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Stories from the Land of Crane and Turtle, Part 4: Wenabozho and the Magic Bow

Updated: Aug 2, 2023

Miini-giizis (Blueberry Moon) ( (July 17, 2023)


 

Native woodland painting Wenabozho and the Giant Moose
Wenabozho and the Giant Moose, painting by Zhaawano Giizhik

 

How the magic bow of the big warrior from Dinetah came in Wenabozho’s possession and how he lost it again - and created the Milky Way along the way . A contemporary traditional story told by Zhaawano Giizhik – with illustrations by Aaron Paquette and the author.

Welcome back in My Storyteller Lodge... Today, I will tell an awechigan (parable) about the need for humbleness; How the supernatural hero Wenabozho attained magical power but then lost it because of his laziness and vanity... The story that I will relate today is about Wenabozho (“His Trembling Tail”), also known as Mishaabooz, the Great Hare. Wenabozho, who was born on an island at the outlet of Gichi-Anishinaabeg-gami (Lake Superior), lived with ookomisan (his grandmother) in a wiigiwaam on the shore of the big lake. His mother, whose name was Wiininwaa (“Nourishment from the Breast”), had miraculously disappeared into the sky the instant he was born, never to be seen or heard from again, so this is why his grandmother raised him.

After Wenabozho’s birth the people in the nearby summer village whispered that Wiininwaa died and disappeared from the face of the earth because she had faced the wrong wind after being warned by Nookomis not to face in such direction... Wenabozho happened to love his grandmother a great deal. He would gather misan (firewood) for ookomisan, he brought her giigoonh (fish) and wazhashkwedowag (mushrooms) and ojiibikan (wild roots) and helped her pick miinan (berries) and trap the waaboozoog (rabbits) that lived in the underbrush. A good and dutiful grandchild he was! But he also had another side. In fact, he had many sides.

Geget sago, Wenabozho was truly not a typical man. It was commonly believed that Gichi-manidoo, the Great Mystery, entrusted him with the task to teach the People, and one of his first tasks was to name all the plants and animals and to teach the Anishinaabeg the curative powers of plants and mino-bimaaadiziwin: how to live a good, long, and prosperous life. Since he was sired by E-bangishimog (the Wind Spirit of the West) and born of an anishinaabekwe (woman) and thus aabitaa-manidoo (half spirit) aabitaa-anishinaabe (half human), he possessed tremendous abilities and strengths – qualities that people nowadays would regard as extraordinary but back in the days were accepted at face value and not thought to be very unusual at all.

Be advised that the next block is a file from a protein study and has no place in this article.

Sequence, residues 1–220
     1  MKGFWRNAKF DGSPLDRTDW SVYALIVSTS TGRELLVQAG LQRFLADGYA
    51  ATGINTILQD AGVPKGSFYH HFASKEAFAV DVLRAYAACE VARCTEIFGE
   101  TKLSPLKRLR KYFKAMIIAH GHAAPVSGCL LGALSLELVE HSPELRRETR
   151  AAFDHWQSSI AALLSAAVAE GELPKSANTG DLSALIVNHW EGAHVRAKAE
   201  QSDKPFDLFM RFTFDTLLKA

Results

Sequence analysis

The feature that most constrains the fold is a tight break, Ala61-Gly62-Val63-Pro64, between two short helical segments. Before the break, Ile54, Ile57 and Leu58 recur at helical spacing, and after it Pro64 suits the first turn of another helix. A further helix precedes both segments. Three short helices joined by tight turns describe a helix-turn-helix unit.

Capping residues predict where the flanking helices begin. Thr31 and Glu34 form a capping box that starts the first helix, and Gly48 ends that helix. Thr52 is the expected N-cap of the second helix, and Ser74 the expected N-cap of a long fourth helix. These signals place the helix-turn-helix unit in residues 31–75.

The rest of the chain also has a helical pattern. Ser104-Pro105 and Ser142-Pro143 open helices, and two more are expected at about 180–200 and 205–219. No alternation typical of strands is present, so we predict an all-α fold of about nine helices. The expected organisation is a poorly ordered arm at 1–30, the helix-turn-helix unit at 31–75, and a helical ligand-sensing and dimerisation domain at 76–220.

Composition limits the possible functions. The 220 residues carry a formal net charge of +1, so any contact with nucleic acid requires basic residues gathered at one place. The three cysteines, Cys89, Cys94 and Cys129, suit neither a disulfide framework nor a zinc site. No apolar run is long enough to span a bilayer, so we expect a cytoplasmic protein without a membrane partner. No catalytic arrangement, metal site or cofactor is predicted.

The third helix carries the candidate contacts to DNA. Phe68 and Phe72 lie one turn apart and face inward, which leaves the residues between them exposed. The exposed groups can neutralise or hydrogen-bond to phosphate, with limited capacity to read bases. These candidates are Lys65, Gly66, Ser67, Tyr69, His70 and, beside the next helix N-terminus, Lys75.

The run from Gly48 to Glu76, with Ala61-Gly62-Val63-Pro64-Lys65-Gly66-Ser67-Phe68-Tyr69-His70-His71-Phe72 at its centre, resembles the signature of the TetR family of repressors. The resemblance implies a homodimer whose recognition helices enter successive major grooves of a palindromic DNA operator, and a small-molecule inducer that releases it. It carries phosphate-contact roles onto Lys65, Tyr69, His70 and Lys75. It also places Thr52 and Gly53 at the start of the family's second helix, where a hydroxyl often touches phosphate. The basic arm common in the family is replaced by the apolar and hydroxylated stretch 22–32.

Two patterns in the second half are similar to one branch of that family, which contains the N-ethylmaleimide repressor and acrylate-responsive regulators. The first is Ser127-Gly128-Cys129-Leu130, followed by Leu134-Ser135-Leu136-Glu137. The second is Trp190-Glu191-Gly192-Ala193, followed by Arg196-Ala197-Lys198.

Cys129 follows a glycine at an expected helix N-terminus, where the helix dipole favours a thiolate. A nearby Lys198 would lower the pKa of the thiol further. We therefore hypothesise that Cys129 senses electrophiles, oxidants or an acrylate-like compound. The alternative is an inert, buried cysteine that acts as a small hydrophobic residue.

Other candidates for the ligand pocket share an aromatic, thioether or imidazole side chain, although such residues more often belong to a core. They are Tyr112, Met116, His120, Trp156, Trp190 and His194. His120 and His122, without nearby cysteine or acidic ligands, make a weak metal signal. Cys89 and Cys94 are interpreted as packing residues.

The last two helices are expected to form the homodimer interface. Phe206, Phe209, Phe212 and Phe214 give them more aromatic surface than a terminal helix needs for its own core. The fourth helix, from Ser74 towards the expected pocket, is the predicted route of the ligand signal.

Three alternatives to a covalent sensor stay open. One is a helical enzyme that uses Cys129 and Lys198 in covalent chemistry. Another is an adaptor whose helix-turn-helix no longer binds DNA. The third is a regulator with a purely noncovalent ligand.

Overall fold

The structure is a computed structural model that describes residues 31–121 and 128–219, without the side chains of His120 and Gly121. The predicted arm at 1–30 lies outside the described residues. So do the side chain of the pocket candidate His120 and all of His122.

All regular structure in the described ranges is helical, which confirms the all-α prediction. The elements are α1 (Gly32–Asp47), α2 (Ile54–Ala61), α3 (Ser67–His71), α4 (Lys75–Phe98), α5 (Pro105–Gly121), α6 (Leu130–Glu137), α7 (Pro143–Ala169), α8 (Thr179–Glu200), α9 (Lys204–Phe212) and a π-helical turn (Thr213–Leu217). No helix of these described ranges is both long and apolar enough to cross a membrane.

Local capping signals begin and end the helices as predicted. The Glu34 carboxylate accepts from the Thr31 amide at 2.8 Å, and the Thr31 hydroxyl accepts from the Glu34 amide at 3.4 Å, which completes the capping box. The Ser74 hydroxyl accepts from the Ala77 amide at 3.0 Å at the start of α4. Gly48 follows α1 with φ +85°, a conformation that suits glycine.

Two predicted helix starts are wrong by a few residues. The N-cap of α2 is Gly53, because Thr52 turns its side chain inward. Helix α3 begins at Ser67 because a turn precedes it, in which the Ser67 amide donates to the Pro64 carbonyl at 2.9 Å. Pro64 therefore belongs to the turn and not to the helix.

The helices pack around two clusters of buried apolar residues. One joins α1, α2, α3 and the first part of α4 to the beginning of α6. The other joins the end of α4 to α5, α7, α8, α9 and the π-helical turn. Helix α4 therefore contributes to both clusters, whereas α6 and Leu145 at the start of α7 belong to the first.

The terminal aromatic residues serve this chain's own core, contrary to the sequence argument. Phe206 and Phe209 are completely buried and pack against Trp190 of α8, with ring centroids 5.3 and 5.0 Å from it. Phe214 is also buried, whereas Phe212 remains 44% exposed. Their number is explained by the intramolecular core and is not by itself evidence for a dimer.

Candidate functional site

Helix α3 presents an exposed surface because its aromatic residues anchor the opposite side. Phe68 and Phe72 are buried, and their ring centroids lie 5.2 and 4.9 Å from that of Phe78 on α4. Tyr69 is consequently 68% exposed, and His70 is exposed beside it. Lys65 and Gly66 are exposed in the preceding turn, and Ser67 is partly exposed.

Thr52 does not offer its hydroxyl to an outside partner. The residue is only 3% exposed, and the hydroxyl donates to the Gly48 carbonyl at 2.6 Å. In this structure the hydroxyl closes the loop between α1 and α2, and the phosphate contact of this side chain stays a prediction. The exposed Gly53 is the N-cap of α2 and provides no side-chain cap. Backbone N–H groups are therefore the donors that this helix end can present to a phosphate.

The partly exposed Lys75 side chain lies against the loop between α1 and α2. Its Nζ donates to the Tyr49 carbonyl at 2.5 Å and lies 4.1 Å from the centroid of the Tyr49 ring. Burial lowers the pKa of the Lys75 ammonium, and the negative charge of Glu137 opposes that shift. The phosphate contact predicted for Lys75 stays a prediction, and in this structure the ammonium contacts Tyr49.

The reason Wenabozho was so well-loved, therefore, were not his supernatural powers, but how he used them; the Anishinaabeg loved him, not just for naming the plants and the animals, but also for introducing medicine to cure the sick and, last but not least, for his tireless efforts and inclination to help little children, the poor, and the weak. There was truly not much that Wenabozho could not do in order to help his People! He roamed freely with the spirits of the land, the sky, and the waters and had the ability to shapeshift at will into virtually any creature and form, including a rabbit or hare, a tree, or a rock! His creation of the second world after the first flooded, his role as securer of the right for the Ojibwe people to hunt and fish and as artist who showed them how to paint their dreams and visions on the rocks, and his embezzling of fire to give to his Grandmother which in turn gave fire to the Ojibwe people, are among the many things that made him the most beloved aadizookaan (supernatural character) in their aadizookaanan (sacred stories). He conversed with every creature in the Universe, inclusing those that live in the Sky. He mastered every language known among men and spirits. He even knew what the bineshiinyag (birds) were saying in their songs, and he was even known to walk among the stars and converse with the spirits that dwell there! There were so many things Wenabozho could do! He could run gabe-giizhig (from dawn until dusk); he could swim in the coldest of ziibiwan (rivers) and zaaga'iganan (lakes). Some say that his footsteps were so long that he could easily cross the widest gami (big lake) in one step! Ishte, some folks even claimed that they had seen him seize the lightning in his hands and that at his command terrible storms broke loose from their caves! Yet at the same time, on his command also, the gentle winds blew, the mountains became green and the flowers of spring bloomed everywhere…

Mii gwayak, yes, this and many more things Wenabozho was capable of! All these things, and many more things, he could do so well that probably his greatest liability was his being unconscious of his many shortcomings and weaknesses…

“What shortcomings and weaknesses are those, exactly?” you might ask. “I thought you just said Wiinabozho was a good-natured fellow and a hero to his People?”

Haw dash, well now, if you really want to know… be sure to continue reading, nindinawemaaganidog



Illustration: Wenabozho and the Giant Moose from the Sky ©2023 Zhaawano Giizhik

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